Matthew 16:21-25

Our gospel today seems to be a very big, bad news for everyone, with things getting worst before getting any better which the Lord had promised to be only in the end that nobody knows when!

See how Jesus started by saying he would “suffer greatly at the hands of elders, the chief priests, and the scribes and be killed and on the third day be raised again.” Not only that: he now calls Peter as “Satan” from being the Rock last Sunday after giving the right answer as to who he is.

Like Peter, we would probably say the same thing to Jesus why make suffering and death central to life that is meant to enjoy?

Like Peter, the Lord is inviting us today to focus more on the good news than on the bad news of suffering and death which for him – the Paschal mystery we call – is actually the best of good news!

Photo by author, altar flowers in our parish, January 2020.

Jesus Christ’s pasch is the best of good news!

What we have heard as “bad news” from the Lord is his first prediction of his coming pasch or Passion, Death and Resurrection. He would be announcing this prediction of his pasch two more times as they near Jerusalem.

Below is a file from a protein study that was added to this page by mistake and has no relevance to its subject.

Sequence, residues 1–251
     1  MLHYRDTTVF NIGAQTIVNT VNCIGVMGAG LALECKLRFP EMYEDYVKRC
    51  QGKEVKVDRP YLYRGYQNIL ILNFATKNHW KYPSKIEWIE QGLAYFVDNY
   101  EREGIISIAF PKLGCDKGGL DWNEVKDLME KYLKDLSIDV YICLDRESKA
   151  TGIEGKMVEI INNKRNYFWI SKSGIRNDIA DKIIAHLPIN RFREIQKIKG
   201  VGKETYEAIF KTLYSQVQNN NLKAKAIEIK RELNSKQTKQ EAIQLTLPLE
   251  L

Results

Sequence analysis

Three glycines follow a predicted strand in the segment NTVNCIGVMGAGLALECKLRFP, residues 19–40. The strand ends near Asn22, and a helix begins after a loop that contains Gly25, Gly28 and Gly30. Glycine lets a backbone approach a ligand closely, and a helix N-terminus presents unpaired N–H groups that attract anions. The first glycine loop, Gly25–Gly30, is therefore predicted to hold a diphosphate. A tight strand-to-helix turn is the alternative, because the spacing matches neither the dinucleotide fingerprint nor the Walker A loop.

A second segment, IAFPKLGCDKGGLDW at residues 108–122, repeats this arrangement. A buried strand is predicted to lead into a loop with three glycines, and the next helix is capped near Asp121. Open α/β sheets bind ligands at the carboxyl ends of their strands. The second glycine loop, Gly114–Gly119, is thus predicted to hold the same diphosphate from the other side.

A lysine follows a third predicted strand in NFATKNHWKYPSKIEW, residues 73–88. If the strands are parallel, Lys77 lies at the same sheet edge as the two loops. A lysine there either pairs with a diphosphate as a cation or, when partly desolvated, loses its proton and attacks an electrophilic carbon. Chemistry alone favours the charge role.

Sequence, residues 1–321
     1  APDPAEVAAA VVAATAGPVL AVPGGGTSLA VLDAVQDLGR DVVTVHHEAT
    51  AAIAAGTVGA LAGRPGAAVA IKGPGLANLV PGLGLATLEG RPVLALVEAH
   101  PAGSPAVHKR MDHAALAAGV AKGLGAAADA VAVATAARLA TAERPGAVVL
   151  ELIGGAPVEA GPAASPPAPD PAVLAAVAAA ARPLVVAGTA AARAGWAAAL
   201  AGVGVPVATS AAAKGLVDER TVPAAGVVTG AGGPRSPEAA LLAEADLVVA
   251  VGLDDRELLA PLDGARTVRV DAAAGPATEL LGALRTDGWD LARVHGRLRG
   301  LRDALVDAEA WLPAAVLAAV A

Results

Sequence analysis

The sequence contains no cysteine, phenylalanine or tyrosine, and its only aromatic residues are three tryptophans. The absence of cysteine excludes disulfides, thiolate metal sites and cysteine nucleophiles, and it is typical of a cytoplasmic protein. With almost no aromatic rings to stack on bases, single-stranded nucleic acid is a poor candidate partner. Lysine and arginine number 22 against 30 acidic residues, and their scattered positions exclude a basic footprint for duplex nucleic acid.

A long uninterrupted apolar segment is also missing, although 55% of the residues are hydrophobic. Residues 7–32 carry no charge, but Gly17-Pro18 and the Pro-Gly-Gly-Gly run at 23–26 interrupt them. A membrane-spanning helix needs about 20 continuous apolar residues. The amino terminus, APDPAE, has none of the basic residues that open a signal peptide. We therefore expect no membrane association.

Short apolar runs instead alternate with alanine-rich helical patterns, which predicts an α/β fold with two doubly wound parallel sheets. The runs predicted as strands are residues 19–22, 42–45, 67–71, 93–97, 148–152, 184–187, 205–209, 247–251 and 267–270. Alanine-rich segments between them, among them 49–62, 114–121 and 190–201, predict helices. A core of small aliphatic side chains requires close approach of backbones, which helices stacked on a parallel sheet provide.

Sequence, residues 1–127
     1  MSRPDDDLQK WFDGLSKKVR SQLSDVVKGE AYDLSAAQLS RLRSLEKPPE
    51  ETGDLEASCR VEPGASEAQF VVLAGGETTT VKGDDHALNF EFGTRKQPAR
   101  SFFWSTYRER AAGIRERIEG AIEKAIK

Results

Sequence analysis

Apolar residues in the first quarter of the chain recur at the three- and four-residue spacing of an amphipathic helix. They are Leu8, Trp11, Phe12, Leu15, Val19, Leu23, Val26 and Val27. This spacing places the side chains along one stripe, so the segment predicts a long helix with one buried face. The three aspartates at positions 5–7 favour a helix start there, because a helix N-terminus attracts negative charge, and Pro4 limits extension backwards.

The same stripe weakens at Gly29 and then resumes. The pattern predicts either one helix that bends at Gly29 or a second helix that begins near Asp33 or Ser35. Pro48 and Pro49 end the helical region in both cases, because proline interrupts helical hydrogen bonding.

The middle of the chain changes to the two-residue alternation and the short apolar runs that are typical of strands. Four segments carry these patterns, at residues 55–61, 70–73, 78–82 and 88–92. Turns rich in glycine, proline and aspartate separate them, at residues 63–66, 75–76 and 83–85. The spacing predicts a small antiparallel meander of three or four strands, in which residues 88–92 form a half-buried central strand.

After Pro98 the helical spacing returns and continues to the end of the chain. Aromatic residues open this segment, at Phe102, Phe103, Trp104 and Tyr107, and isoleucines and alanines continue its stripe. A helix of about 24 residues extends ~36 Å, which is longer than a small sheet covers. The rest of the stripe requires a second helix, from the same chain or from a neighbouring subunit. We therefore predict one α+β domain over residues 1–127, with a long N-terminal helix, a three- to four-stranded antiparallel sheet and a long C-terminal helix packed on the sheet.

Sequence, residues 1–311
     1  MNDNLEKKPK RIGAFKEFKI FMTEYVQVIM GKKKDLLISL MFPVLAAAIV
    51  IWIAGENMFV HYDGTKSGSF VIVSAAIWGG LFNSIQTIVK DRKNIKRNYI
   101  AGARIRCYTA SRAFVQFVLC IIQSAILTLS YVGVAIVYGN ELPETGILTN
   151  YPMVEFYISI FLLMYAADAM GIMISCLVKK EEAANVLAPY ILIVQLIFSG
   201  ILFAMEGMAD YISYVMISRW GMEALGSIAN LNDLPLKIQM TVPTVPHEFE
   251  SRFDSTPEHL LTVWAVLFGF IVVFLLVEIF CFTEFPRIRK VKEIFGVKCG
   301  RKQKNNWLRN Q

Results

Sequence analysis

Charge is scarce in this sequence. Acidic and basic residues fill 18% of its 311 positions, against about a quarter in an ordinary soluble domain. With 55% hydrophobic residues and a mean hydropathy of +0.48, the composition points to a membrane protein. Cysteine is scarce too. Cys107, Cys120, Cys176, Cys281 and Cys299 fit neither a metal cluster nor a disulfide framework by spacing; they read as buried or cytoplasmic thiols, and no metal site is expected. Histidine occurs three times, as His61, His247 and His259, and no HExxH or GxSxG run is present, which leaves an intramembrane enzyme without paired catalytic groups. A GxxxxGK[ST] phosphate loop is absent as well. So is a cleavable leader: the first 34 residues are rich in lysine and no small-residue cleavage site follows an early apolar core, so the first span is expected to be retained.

From the He brew word pesach that means to pass over, it connotes suffering and death into new life. It came from the Exodus experience of the Chosen People from Egypt into the Promised Land during the time of Moses, taking its fullest meaning in Jesus Christ, the Son of God who became human like us in everything except sin, “passing over” from eternity to temporal, from Passion and Death to Resurrection.

Authentic discipleship does not require us to seek suffering; no, God is not sadistic as some people with twisted minds would say. However, being faithful to Jesus, witnessing his gospel values bring enough of these sufferings and deaths but on a different level and meaning. We realize that life is a daily exodus, a passing over from darkness into light, from ignorance into wisdom, from sickness into health, from death into new life.

Like the prophet Jeremiah in the first reading, we discover that the more we follow God, the more sufferings we encounter in life but at the same time, we cannot let go of him because his attraction is so powerful! There is something so deep within, so profound and fulfilling in us we realize that living in the ways of God, in the gospel values of Christ can we truly find lasting joy and peace – even if we have to die in our very selves in the process.